A new ING presentation fleshes out and updates the argument set out in the previous ‘Warped World’ report (see below):
- Forecasters are struggling to cope with heightened political and policy risk (the recent reaction to the ECB’s rhetorical flourishes being a case in point)
- Consensus forecasts for long term growth in the US and Eurozone have been downgraded by only 0.3% or so – trivial in relation to the sustained growth downturn that Japan has experienced, and hard to reconcile with the 300 basis point decline in government bond yields since the crisis began.
- Suddenly corporate bonds don’t look so risky – in Spain and Italy multinationals are borrowing more cheaply than their home governments, breaking the ‘sovereign ceiling’.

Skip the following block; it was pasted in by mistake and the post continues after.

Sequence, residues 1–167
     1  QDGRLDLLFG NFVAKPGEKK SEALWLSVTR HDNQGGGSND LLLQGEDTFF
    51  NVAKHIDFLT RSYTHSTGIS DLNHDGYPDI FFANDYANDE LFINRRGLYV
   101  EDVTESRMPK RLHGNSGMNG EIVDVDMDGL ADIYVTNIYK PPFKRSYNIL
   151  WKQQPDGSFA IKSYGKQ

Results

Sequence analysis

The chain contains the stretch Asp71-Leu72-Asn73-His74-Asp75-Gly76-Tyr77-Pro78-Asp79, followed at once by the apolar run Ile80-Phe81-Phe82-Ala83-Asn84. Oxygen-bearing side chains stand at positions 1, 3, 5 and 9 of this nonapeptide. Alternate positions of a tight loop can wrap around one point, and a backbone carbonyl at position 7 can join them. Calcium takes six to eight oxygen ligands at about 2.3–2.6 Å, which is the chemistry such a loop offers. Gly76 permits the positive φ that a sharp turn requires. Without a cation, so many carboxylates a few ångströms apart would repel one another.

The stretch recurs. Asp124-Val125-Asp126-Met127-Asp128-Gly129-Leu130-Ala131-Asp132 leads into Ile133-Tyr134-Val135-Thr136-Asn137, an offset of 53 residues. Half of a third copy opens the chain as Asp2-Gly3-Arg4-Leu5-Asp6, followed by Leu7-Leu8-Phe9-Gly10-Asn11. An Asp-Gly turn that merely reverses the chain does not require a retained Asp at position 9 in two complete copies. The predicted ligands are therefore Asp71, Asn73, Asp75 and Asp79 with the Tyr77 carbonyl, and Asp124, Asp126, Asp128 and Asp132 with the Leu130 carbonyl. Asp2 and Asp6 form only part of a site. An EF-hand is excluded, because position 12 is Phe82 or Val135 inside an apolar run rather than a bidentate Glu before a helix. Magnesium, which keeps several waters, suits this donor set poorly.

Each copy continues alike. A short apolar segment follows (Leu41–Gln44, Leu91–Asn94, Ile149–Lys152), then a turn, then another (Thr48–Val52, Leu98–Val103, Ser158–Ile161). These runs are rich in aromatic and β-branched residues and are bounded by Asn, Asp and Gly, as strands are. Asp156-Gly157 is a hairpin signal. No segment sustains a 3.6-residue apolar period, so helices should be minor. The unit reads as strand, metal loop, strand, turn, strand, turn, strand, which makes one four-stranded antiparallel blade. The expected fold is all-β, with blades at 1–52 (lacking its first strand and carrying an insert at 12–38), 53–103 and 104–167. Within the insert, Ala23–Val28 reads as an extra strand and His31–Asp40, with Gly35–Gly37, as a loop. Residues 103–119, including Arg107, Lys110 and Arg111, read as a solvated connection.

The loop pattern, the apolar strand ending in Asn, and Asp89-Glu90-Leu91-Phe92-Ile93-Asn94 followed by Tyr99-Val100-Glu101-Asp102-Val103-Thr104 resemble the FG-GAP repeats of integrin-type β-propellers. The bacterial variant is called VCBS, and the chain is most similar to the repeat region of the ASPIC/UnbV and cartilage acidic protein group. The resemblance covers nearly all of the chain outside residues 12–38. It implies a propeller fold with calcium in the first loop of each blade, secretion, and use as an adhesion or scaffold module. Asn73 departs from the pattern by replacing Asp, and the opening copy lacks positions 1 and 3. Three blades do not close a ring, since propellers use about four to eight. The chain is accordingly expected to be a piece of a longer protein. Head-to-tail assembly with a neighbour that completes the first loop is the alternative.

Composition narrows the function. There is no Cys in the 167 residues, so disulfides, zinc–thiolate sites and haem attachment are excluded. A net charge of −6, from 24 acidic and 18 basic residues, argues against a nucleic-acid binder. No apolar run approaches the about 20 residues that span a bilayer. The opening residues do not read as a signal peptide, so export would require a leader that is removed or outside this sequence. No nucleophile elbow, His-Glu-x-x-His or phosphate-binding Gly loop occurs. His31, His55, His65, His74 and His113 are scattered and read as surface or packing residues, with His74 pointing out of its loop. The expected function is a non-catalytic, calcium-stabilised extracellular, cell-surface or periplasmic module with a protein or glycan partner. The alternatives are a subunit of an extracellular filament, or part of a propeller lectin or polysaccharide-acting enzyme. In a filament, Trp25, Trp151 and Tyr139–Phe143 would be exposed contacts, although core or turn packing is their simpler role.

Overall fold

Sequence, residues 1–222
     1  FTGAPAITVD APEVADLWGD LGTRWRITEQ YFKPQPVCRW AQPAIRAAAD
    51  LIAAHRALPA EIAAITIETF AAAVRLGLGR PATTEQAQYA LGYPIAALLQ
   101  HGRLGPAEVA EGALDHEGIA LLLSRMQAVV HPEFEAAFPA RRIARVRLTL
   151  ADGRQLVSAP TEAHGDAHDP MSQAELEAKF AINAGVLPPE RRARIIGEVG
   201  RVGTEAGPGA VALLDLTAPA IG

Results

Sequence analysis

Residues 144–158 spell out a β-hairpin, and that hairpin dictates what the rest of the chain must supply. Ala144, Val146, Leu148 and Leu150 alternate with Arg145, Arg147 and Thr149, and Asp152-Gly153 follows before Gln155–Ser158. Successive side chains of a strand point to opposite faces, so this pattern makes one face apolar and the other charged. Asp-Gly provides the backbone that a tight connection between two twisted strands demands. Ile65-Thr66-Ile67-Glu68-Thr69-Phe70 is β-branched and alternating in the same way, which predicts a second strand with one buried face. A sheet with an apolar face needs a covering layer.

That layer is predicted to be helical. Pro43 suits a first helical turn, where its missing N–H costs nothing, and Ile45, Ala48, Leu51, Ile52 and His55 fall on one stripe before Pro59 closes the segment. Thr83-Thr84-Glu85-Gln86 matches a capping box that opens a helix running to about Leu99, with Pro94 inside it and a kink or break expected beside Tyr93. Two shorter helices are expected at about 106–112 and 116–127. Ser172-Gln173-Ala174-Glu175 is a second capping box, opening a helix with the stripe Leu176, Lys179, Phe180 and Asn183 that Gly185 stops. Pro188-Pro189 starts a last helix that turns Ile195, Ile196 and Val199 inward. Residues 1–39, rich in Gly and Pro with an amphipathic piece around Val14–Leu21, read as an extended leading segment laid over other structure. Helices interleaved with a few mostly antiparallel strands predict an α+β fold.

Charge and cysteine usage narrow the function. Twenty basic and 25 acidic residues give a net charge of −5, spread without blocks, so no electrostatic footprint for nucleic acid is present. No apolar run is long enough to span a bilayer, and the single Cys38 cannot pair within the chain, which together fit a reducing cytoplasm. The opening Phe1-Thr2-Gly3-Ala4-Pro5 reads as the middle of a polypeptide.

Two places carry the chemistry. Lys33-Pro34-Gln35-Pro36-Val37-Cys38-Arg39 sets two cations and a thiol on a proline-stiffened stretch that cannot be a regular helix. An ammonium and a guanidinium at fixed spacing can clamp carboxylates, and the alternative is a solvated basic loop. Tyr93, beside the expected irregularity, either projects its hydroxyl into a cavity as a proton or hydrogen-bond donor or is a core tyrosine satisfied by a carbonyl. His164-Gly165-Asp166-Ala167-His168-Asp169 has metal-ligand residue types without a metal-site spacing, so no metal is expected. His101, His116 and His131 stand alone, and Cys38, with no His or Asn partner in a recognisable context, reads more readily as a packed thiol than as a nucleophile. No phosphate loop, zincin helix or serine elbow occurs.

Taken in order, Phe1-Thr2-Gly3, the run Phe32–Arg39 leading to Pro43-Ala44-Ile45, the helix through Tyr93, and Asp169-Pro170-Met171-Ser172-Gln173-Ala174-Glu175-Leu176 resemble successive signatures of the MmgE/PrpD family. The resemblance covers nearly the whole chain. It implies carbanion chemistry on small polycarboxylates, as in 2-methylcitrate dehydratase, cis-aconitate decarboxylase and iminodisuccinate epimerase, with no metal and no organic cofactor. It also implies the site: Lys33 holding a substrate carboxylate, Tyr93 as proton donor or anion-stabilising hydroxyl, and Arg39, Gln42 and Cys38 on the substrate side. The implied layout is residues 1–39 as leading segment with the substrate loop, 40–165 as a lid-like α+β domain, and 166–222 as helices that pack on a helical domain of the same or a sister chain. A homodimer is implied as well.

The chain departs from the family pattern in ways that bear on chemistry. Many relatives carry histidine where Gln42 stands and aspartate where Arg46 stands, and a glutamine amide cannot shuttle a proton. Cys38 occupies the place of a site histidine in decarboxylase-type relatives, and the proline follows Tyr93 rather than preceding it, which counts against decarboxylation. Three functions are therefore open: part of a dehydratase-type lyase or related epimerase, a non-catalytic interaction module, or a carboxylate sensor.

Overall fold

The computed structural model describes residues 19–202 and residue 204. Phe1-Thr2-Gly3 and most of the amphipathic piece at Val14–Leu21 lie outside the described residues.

- Financial repression is illustrated by the rapid localisation of holdings in the Eurozone bond markets, particularly by banks.
- The power of ‘safe haven’ flows is shown by the plunge in bond yields into negative territory in markets such as Germany, Switzerland and Denmark.
- Moreover, the US Treasury bond market has been a magnet for foreign private investors. This is despite the US credit rating downgrade last year and the handwringing over whether US politicians will come up with more plausible long term fiscal consolidation plans.
To see the presentation click on the banner to the right.